Scientists recreate conditions of Saturnian moon in a lab — and it could help us find alien life

Scientists in a life performed an important experiment on the question of life on a Saturn moon

By Matthew Rozsa

Staff Writer

Published May 29, 2024 9:00AM (EDT)

Saturn's moon Enceladus (Getty Images/dottedhippo)
Saturn's moon Enceladus (Getty Images/dottedhippo)

When scientists using NASA's Cassini space probe discovered organic compounds in blocks of ice from Enceladus, they wondered if this meant the Saturnian moon might have the ingredients for life. Six years later, researchers working at research laboratories in Germany recreated conditions analogous to those on that distant frozen world. In the process, they obtained a tantalizing clue on how explorers can determine if Enceladus harbors extraterrestrials.

Previous experiments never studied the organic compounds from Enceladus in hydrothermal conditions such as those believed to exist on the moon's its subsurface ocean.

The scholars drew up new guidelines for understanding biosignatures from life-sustaining elements in future Enceladus missions, publishing their findings in the journal Philosophical Transactions of the Royal Society A: Mathematical, Physical and Engineering Sciences. They did so by analyzing data from the Cassini mission and using it to create on Earth a simulated version of the hydrothermal fields at the bottom of Enceladus' ocean.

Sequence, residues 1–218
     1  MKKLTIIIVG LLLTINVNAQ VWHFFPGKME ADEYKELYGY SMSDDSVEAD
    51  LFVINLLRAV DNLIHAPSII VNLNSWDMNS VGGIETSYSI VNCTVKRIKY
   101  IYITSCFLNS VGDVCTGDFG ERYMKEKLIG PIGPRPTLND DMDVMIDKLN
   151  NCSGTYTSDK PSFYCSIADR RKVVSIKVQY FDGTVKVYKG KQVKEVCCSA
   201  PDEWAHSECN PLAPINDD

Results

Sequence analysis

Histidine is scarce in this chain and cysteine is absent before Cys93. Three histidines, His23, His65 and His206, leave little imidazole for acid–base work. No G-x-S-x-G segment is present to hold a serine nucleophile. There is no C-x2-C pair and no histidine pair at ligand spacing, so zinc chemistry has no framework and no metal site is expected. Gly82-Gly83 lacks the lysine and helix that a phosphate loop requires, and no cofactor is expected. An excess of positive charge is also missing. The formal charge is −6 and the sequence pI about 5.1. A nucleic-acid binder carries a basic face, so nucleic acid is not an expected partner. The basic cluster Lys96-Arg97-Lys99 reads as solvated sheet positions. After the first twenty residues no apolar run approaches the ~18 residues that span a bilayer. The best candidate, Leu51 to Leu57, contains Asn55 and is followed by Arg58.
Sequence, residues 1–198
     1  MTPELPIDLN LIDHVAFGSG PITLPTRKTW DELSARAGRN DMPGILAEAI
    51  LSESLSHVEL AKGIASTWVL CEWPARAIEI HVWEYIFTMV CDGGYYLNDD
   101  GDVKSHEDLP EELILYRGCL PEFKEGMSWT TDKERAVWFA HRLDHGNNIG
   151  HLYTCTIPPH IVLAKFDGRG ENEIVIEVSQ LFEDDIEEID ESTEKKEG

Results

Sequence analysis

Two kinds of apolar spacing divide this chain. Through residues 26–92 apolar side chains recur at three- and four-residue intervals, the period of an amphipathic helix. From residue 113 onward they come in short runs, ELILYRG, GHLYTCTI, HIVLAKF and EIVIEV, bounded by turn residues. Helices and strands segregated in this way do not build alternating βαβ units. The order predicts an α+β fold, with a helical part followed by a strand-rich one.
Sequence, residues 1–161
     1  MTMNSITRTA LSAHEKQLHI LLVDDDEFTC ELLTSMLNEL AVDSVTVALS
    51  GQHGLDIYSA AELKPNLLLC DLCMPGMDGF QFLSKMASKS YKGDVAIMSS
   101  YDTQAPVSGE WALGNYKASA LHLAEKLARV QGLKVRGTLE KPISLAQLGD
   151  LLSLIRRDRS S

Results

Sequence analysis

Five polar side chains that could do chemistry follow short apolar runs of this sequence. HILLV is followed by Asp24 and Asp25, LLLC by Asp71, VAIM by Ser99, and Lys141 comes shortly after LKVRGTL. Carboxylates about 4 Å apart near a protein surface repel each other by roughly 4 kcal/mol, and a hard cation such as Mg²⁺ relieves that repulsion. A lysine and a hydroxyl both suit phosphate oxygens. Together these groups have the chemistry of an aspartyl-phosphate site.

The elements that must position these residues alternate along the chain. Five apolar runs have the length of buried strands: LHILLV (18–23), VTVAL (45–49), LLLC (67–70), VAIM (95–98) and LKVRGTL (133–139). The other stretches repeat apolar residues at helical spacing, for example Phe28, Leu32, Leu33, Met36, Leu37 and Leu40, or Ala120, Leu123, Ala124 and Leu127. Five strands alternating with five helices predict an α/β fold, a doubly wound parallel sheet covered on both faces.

Previous experiments never studied the organic compounds from Enceladus in hydrothermal conditions such as those believed to exist on the moon's its subsurface ocean, says the study's lead author Nozair Khawaja, a professor at Freie Universität Berlin's Department of Planetary Science and Remote Sensing. This recent study therefore broke new ground.

"Now the question that we followed was whether we can identify such biosignatures, which are processed under those extreme conditions, and whether we can differentiate those processed compounds from un-processed," said Khawaja. "Our findings show that hydrothermal processing do have effect on the appearance of those compounds" in their scientific equipment, meaning that biosignatures can be identified in future data coming from Enceladus."

Determining whether these biosignatures appeared in the conditions of hydrothermal vents was only one part of the challenge. The next part: Because some scientists suspect life on Earth may have begun in similar hydrothermal vents in our oceans, they wanted to see if outright organic molecules discovered in those fields might have formed more sophisticated molecules. Could they have even created amino acids, which are the basic building blocks of proteins and all life as we know it?

Want more health and science stories in your inbox? Subscribe to Salon's weekly newsletter Lab Notes.

"We will expand our simulations to incorporate more conditions to see their effect on the features of biosignatures in the data."

When the researchers built their hydrothermal chemical reactor, built from a stainless steel cylinder that can "simulate pressures found deeper within the porous core of Enceladus," as the paper notes, they found the answer was yes: When temperatures in the simulation reached between 80º to 150º C, and a pressure of 80 to 100 bar prevailed, the amino acids changed in ways characteristic of Earth-bound life forms.